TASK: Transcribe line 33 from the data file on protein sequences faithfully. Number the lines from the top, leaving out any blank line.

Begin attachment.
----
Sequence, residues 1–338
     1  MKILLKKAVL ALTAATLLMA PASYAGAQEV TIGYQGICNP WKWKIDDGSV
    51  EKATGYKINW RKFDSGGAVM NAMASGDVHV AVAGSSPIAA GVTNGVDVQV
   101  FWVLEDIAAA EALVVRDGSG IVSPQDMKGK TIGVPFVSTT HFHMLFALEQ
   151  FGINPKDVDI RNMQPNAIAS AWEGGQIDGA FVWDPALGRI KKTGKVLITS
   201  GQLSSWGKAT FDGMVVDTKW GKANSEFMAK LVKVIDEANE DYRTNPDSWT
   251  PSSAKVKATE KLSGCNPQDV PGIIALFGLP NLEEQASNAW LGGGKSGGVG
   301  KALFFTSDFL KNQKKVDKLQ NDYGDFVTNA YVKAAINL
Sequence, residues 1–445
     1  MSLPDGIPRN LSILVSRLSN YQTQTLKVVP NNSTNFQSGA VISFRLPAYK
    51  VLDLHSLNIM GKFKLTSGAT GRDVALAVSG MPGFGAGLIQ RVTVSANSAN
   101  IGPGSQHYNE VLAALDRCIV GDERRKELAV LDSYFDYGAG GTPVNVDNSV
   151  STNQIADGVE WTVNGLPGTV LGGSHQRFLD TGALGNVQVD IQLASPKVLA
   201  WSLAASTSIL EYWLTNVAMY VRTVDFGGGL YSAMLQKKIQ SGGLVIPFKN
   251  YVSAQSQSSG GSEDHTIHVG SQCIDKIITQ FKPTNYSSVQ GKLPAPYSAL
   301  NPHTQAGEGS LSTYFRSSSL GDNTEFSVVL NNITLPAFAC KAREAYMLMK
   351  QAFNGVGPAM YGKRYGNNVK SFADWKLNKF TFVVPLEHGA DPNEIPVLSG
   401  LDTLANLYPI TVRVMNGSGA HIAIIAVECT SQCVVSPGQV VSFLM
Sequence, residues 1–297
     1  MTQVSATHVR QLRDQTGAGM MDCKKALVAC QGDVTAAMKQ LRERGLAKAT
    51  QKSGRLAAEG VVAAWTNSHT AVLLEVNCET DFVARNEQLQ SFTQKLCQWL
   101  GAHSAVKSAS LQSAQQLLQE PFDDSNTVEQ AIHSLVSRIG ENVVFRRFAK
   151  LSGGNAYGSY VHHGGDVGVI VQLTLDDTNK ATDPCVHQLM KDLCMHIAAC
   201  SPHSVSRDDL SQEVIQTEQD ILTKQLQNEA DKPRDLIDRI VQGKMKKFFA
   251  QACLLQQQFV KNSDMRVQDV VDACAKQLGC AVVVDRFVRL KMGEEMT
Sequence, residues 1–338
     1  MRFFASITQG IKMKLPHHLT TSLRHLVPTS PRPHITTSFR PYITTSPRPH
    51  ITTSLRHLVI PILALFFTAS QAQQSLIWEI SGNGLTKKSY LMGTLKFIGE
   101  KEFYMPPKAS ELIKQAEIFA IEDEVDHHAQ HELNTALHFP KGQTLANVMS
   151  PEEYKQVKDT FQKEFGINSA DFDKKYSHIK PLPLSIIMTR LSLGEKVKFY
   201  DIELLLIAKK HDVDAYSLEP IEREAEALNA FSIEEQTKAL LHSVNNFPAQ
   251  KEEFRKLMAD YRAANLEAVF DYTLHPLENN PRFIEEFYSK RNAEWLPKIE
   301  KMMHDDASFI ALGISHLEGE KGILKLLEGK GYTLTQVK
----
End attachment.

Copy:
   301  KMMHDDASFI ALGISHLEGE KGILKLLEGK GYTLTQVK